1964 Chevrolet Corvette Coupe Small Block - 327 Dyno Tune - Dyno Drives

Tuning A Small-Block '64 Coupe For Power, Economy, And A Good Time

Steve Dulcich Aug 5, 2008 0 Comment(s)
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Rick Stoner's immaculate '64 coupe was the subject of our attention. Built for the road, this Corvette captures the stock appearance, but has been modified with aftermarket components under the hood. The 327/four-speed combination makes for a nice driver, though poor fuel economy and rough running meant the tune was well off its potential. A Jet Performance Products-modified Holley carb and a day at the chassis dyno promised to make it right.

We know that to enjoy one's Corvette, driveability and reliability play significant roles. With that in mind, we introduce our new series: "Dyno Drives." Our goal is to increase performance as well as driving enjoyment with a focus on tuning and performance components. Contributor Steve Dulcich, working with the team at Westech Performance Group, will routinely test and improve Corvettes with emphasis on the ability to own and enjoy your Corvette daily. Expect everything from tuning stock Corvettes to building high-horsepower street Corvettes. We hope you enjoy this new series, available only in Corvette Fever.

Even for the most diehard do-it-yourselfers, sometimes there's nothing better than just handing it over and saying, "You fix it." Sure, your tool crib may look like a display room for the Craftsman catalog, but chances are that things like a chassis dyno, an exhaust gas analyzer, and boxes of tuning components are not to be found tucked in the corner of your attached two-car garage. A well-equipped dyno shop can work wonders, primping up a soggy power curve and breathing newfound youth into a tired combination.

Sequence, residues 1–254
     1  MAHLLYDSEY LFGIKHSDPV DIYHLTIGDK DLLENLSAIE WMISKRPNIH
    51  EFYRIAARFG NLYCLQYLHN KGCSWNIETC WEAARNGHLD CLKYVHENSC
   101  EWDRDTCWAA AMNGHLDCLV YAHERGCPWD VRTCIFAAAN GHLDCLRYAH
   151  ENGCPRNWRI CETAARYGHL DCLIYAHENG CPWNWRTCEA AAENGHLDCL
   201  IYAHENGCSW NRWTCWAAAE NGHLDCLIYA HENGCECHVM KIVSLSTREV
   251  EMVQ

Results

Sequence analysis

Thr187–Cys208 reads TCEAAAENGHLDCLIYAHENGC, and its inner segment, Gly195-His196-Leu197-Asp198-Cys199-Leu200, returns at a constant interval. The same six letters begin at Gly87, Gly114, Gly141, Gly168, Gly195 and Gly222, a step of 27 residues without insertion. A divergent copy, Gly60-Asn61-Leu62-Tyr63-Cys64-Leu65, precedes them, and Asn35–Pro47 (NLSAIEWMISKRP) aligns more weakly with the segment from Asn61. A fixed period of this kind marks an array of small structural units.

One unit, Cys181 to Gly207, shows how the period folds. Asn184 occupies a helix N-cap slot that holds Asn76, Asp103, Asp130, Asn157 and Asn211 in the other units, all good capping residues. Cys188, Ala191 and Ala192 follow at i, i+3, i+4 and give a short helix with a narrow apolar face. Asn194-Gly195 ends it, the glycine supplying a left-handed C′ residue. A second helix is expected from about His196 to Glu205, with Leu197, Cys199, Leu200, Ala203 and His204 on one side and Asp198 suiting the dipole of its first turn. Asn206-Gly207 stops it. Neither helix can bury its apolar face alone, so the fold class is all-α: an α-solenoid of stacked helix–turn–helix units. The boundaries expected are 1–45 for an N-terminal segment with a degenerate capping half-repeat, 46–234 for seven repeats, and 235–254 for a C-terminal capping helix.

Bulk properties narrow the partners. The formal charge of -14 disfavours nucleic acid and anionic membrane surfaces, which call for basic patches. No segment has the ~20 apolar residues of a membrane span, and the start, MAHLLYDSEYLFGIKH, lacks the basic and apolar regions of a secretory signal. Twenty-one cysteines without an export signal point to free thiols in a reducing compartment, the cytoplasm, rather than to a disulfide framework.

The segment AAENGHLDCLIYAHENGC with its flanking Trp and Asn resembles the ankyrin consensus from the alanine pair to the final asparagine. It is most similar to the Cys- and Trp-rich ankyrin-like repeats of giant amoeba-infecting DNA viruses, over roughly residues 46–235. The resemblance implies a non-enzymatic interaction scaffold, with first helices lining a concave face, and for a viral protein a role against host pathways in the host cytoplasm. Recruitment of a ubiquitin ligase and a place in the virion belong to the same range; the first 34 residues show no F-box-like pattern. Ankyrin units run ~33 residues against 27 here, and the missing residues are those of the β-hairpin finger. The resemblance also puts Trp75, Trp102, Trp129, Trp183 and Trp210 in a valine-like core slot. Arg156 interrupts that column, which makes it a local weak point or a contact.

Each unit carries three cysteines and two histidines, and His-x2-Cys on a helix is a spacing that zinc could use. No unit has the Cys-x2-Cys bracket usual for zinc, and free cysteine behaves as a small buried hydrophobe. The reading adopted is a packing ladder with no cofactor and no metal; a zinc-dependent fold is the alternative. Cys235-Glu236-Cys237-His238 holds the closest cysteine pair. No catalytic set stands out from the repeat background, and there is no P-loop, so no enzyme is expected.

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The 327 engine has been rebuilt with stock replacement components, with the exception of a mild Competition Cams XE262 camshaft and valvetrain package, and is supported by an MSD ignition and a Holley carb of unknown origin.

This was the case with our subject: a 327-equipped '64 coupe. The car did start and drive, and that was a good thing. But bucking, stalling, and an appetite for fuel like a corner drunk's thirst for a jug of Gallo detracted markedly from the driving experience. We remembered the joys of driving a sweet-running, 327-equipped mid-year. The wrinkles in our gray matter hold memories of it being better than this-much better than this. Something needed to be done, a complete physical, if you will, to get to the bottom of this small-block's ailments.

A trip to Westech's chassis dyno was just the therapeutic program to recuperate our ailing coupe. We left the session with the 327 revitalized by 25 more rear-wheel horsepower, a 10 percent gain; but that was only part of the tale. The Corvette's crisper response and more agreeable temperament on the road, not to mention newfound thrift, are harder to quantify, but certainly make the call of the road much more gratifying.

Bold indicates peak figures.Superflow Chassis Dyno. Tested At Westech. Figures display standard corrected rear-wheel horsepower.

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